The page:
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We're Hopeless At Selling Things Because We're Emotionally Attached To Our Old Junk

What happens when eBay sellers get in an MRI machine.

[Photo: Smithore/iStock]

When we sell something, we usually expect a higher price than we would be willing to pay as a buyer. This is called the endowment effect, and when applied to markets it "distorts market prices and reduces trade," says a new study from the University of Chicago.

Why? Emotional pain. We feel attached to the things we sell, so we tend to give them a higher value than if we were buying the same thing. Fortunately, for professional sellers anyway, this effect is deadened by practice. The more you sell, the less you care about what you’re selling, and the better you are a demanding a fair price, instead of an emotionally inflated one.

In the experiment, the University of Chicago team compared financial traders with normal, empathic humans. Traders are previously known to have a reduced susceptibility to the endowment effect, so they were put into an fMRI machine to check how their brains function while performing a trading-based exercise. They were compared to trading newbies, aka normal folks, and also to non-traders who had been desensitized by two months of buying and selling on eBay.

[Photo: trekandshoot/iStock]

In the experiment, participants with and without trading experience were asked how much they would pay for a certain item and then how much they would want if they sold it.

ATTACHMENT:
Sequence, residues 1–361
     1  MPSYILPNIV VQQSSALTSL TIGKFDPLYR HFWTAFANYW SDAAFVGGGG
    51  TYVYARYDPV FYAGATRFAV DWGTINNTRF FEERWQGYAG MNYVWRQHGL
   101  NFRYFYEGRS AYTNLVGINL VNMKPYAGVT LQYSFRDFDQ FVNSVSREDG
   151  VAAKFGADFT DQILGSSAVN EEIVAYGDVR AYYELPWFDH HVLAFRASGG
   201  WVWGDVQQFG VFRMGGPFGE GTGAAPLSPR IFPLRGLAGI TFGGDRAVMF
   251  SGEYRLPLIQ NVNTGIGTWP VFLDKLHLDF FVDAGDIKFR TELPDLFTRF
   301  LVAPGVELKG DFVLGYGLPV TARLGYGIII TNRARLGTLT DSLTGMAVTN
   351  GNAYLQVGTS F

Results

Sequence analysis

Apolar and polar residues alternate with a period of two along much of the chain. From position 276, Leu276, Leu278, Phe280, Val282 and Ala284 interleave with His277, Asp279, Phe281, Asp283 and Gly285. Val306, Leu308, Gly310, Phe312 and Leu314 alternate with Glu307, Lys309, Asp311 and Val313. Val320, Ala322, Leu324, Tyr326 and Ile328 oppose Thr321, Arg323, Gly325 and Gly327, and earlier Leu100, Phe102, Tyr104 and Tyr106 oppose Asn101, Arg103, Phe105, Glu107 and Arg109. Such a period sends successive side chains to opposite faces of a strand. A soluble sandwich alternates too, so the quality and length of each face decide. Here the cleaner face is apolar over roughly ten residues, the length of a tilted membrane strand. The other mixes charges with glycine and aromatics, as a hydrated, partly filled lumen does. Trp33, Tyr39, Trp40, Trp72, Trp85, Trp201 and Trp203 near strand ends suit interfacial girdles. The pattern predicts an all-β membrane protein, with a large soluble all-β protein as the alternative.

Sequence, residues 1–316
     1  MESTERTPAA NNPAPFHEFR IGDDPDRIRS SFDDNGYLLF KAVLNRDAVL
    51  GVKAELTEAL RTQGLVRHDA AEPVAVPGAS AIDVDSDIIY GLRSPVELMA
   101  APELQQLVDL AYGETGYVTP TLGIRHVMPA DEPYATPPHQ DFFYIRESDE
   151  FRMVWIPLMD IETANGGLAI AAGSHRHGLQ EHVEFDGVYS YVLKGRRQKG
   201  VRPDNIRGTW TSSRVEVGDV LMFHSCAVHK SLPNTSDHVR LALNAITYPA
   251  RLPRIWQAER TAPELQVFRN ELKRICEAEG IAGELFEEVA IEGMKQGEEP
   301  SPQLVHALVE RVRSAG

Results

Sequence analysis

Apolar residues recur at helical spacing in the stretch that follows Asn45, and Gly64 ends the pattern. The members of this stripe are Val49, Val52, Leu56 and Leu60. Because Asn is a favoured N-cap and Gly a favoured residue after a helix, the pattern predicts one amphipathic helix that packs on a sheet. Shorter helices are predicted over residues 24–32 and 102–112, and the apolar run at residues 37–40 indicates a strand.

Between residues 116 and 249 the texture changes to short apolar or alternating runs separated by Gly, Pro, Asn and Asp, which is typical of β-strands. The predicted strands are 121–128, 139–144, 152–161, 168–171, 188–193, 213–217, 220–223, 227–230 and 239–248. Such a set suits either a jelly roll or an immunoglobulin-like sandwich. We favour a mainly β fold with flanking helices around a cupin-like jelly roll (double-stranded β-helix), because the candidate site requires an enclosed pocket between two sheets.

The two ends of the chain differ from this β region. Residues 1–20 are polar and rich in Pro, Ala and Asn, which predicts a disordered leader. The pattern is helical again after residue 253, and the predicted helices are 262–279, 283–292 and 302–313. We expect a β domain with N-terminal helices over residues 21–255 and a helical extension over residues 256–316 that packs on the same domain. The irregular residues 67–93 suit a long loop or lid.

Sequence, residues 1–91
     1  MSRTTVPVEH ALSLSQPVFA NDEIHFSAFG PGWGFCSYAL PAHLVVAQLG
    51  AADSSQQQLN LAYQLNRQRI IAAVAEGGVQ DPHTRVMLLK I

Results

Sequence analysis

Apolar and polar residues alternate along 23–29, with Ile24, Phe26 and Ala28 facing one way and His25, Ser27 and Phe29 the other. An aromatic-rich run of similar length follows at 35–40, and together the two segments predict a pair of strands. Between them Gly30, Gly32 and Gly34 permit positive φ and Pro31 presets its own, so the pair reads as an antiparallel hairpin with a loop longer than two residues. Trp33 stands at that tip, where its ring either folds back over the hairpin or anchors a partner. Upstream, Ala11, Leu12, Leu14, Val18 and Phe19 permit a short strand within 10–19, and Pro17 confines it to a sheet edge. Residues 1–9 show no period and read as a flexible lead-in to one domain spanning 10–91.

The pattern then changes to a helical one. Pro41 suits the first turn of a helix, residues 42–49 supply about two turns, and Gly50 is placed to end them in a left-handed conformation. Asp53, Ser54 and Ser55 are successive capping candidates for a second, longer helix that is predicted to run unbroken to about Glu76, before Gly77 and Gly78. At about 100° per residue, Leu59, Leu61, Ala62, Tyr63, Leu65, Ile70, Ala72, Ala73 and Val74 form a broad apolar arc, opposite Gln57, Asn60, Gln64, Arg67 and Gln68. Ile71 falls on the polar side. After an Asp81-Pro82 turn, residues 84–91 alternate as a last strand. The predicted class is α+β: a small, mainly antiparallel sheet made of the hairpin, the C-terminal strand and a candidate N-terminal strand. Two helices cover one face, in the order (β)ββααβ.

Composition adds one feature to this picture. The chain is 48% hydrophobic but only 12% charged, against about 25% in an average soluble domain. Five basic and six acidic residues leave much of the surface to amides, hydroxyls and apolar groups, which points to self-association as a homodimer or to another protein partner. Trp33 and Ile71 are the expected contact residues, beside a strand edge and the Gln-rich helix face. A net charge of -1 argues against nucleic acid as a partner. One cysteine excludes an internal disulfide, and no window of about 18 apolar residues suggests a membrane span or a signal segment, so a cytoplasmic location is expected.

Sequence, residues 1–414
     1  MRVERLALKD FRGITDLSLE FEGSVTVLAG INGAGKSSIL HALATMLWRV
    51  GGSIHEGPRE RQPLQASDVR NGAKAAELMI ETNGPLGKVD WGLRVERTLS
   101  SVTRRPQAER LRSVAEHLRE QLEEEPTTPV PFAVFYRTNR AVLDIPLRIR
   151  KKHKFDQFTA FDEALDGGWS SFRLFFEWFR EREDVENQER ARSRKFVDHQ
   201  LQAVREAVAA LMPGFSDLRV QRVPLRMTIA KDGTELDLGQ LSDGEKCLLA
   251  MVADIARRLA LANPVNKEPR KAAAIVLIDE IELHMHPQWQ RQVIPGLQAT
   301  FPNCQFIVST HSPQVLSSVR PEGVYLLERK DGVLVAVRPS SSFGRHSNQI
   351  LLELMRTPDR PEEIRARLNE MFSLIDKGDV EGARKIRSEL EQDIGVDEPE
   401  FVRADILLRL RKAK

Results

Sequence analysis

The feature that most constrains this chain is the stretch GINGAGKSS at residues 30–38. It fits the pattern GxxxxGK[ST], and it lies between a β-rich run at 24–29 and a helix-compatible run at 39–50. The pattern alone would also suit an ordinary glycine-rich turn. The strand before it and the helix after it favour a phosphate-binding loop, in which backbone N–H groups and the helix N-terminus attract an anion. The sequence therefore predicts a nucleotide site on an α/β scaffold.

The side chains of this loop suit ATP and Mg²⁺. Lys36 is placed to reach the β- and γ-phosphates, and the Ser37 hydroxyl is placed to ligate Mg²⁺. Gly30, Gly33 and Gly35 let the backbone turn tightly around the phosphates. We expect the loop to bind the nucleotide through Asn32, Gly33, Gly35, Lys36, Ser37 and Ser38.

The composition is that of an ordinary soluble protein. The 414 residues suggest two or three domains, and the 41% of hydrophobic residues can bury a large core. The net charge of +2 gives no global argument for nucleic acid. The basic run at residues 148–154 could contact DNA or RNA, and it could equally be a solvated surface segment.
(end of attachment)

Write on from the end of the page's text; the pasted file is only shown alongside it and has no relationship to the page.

The results showed that in experienced traders, the right anterior insula of the brained showed reduced activity. This part of the brain is also associated with "anticipating and avoiding losses," says the report. In regular folks, this lit up, suggesting that they had some kind of loss-aversion reaction, even to objects that weren’t their own.

Then another group was tested. These were people without trading experience, but who had been "desensitized" to the endowment effect with two months of buying and selling on eBay. This time the results showed that these newly minted "traders" also showed a diminished response in the right anterior insula. That is, even a small amount of selling practice can make you better, or at least more objective, when it comes to selling. In personal terms, it could help you avoid wasted time when you try to sell your old junk on FleaBay, or even prevent you from hoarding old, useless possessions.

Interestingly, the study found that professional traders are no better than the layperson at making buying decisions. When the parts of the brain that are associated with product preferences and buying decisions were compared, they found no difference. So while the professionals are indeed better at selling in a cool, calm frame of mind, when it comes to buying, they’re just as likely to mess it up as the amateurs. If you have any friends who are financial traders, and you’ve seen the Trump-like way they furnish their homes, then this last fact won’t surprise you one bit.

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